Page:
[PATCH v12 11/31] documentation: iommu: add binding document of Exynos System MMU

Arnd Bergmann arnd at arndb.de
Thu May 1 08:46:03 PDT 2014

On Thursday 01 May 2014 15:36:54 Dave Martin wrote:
> On Thu, May 01, 2014 at 02:29:50PM +0100, Arnd Bergmann wrote:
> > On Thursday 01 May 2014 12:15:35 Dave Martin wrote:
> > > > > I'm not sure whether there is actually a SoC today that is MSI-capable
> > > > > and contains an IOMMU, but all the components to build one are out
> > > > > there today.  GICv3 is also explicitly designed to support such
> > > > > systems.
> > > > 
> > > > A lot of SoCs have MSI integrated into the PCI root complex, which
> > > > of course is pointless from MSI perspective, as well as implying that
> > > > the MSI won't go through the IOMMU.
> > > > 
> > > > We have briefly mentioned MSI in the review of the Samsung GH7 PCI
> > > > support. It's possible that this one can either use the built-in
> > > > MSI or the one in the GICv2m.
> > > 
> > > We are likely to get non-PCI MSIs in future SoC systems too, and there
> > > are no standards governing how such systems should look.
> > 
> > I wouldn't call that MSI though -- using the same term in the code
> > can be rather confusing. There are existing SoCs that use message
> > based interrupt notification. We are probably better off modeling
> > those are regular irqchips in Linux and DT, given that they may
> > not be bound by the same constraints as PCI MSI.
> We can call it what we like and maybe bury the distinction in irqchip
> drivers for some fixed-configuration cases, but it's logically the same
> concept.  Naming and subsystem factoring are implementation decisions
> for Linux.
> For full dynamic assignment of pluggable devices or buses to VMs, I'm
> less sure that we can model that as plain irqchips.

I definitely hope we won't have to deal with plugging non-PCI devices
into VMs. Nothing good can come out of that.

> > Supporting this case in DT straight away is going to add a major burden.
> > If nobody can say for sure that they are actually going to do it, I'd
> > lean towards assuming that we won't need it and not putting the extra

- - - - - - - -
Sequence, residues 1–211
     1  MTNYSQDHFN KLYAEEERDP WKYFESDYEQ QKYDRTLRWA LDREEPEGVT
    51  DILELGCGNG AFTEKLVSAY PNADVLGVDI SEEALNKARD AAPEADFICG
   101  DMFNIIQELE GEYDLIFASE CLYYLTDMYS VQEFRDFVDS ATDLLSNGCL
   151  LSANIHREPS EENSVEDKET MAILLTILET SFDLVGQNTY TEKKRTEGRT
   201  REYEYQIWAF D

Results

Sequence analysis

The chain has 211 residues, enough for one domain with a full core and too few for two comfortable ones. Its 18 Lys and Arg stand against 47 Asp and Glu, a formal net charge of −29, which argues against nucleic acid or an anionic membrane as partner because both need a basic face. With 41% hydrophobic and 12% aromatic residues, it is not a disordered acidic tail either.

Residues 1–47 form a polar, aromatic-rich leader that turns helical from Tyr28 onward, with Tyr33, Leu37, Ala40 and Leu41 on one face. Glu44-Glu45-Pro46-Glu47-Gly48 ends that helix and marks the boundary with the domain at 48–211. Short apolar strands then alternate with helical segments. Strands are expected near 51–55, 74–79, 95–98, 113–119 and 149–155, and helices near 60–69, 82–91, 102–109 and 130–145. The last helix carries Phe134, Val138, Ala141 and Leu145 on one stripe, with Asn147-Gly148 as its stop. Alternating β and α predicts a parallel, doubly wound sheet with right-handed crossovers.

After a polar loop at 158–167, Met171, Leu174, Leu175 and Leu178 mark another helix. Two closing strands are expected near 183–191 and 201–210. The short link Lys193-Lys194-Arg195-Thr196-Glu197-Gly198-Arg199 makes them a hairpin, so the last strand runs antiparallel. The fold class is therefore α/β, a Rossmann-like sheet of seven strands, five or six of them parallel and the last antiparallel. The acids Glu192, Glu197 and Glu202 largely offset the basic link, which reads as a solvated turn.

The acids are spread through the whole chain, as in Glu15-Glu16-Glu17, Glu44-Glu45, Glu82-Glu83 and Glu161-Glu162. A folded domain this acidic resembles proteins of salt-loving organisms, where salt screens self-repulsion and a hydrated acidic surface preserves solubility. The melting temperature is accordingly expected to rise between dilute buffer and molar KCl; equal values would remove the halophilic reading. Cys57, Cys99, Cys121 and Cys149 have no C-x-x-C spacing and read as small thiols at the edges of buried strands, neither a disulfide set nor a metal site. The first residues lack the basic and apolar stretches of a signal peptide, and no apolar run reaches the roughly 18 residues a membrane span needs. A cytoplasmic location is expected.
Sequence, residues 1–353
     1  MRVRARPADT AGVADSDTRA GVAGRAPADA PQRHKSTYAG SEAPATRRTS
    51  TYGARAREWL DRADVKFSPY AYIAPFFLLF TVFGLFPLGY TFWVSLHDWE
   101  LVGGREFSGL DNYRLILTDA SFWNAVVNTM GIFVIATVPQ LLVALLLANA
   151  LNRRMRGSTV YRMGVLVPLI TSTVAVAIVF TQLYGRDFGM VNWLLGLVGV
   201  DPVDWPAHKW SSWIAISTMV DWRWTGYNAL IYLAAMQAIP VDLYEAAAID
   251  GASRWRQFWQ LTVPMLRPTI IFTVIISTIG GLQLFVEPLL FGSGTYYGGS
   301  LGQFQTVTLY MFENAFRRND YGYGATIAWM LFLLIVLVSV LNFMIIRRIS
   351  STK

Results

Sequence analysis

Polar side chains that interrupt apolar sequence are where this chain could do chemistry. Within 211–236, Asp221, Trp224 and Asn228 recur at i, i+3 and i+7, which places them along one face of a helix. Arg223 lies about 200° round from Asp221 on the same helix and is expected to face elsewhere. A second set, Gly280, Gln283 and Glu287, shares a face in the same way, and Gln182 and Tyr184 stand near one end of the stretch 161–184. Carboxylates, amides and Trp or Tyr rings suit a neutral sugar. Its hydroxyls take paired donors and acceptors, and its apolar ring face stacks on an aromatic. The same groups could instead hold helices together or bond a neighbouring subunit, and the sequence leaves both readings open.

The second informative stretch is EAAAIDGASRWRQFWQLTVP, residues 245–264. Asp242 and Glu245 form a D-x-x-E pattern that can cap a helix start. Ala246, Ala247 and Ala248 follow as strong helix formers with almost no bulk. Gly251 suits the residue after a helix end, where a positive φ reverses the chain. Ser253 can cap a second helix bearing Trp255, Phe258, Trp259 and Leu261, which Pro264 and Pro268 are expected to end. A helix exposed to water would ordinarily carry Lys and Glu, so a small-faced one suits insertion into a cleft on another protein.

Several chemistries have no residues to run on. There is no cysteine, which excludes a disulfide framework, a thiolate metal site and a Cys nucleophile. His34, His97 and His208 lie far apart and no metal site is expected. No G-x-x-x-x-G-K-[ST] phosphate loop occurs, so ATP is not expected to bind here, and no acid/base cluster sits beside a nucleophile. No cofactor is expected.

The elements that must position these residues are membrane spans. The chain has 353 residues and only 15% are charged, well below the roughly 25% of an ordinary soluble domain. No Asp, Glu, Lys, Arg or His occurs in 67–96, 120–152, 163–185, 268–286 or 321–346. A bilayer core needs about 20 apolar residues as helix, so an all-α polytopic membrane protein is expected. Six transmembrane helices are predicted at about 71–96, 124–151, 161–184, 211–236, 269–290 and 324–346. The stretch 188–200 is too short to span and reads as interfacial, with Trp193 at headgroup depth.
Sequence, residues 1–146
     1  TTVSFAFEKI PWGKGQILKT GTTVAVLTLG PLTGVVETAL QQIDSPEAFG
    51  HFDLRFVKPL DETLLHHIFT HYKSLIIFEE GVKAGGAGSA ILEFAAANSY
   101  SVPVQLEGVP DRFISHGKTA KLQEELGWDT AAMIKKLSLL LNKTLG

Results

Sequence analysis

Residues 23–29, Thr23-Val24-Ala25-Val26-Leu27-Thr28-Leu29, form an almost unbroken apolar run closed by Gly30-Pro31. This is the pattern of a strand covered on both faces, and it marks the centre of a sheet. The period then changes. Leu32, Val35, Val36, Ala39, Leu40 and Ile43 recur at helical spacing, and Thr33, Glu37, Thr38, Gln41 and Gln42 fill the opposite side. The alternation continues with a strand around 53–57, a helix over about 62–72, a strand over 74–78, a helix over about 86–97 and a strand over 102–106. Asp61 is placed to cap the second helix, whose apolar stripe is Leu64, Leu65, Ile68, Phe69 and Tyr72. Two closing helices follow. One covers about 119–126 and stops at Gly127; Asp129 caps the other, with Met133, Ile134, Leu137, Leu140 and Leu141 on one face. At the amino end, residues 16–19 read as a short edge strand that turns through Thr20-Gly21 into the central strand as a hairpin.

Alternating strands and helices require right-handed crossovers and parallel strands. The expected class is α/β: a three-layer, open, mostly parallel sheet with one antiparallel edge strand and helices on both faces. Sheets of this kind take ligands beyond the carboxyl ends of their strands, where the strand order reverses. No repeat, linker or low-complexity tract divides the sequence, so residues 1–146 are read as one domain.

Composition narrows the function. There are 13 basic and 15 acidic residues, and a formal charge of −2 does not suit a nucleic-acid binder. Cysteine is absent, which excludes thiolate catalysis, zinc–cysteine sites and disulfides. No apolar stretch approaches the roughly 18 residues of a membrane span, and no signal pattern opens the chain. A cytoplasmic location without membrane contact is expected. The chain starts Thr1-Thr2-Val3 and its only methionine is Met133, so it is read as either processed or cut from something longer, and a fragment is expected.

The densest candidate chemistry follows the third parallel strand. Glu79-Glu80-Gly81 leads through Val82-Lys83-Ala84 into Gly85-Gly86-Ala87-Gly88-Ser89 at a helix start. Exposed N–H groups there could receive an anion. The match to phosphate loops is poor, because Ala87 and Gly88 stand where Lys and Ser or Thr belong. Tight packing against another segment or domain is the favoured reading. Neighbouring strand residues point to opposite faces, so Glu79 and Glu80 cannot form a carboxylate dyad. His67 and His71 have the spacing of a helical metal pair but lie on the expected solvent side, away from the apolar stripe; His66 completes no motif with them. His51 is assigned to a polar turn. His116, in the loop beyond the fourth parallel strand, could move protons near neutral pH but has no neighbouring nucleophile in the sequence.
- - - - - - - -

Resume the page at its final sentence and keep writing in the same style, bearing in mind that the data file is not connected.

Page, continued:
> > complexity in.
> > 
> > If someone actually needs it later, let's make it their problem for
> > not participating in the design.
> This is a fair point, but there is a difference between the bindings and
> what kind of wacky configurations a particular version of Linux actually
> supports.
> DT is supposed to be a description of the hardware, not a description
> of how Linux subsystems are structured, though if the two are not
> reasonably well aligned that will lead to pain...
> The key thing is to make sure the DT bindings are extensible to
> things that we can reasonably foresee.

Yes, defining them in an extensible way is always a good idea, but I
think it would be better not to define the fine details until we
actually need them in this case.

> > > > It would be 'dma-ranges'. Unfortunately that would imply that each DMA
> > > > master is connected to only one IOMMU, which you say is not necessarily
> > > > the case. The simpler case of a device is only a master on a single IOMMU
> > > > but can use multiple contexts would however work fine with dma-ranges.
> > > 
> > > Partly, yes.  The concept embodied by "dma-ranges" is correct, but the
> > > topological relationship is not: the assumption that a master device
> > > always masters onto its parent node doesn't work for non-tree-like
> > > topologies.
> > 
> > In almost all cases it will fit. When it doesn't, we can work around it by
> > defining virtual address spaces the way that the PCI binding does. The only
> > major exception that we know we have to handle is IOMMUs.
> My concern here is that as new exceptions and oddball or complex systems
> crop up, we will end up repeatedly inventing different bodges to solve
> essentially the same problem.
> Unlike some of the other situations we have to deal with, these are valid
> hardware configurations rather than quirks or broken systems.

Can you give an example where this would be done for a good reason?
I can't come up with an example that doesn't involve the hardware
design being seriously screwed.


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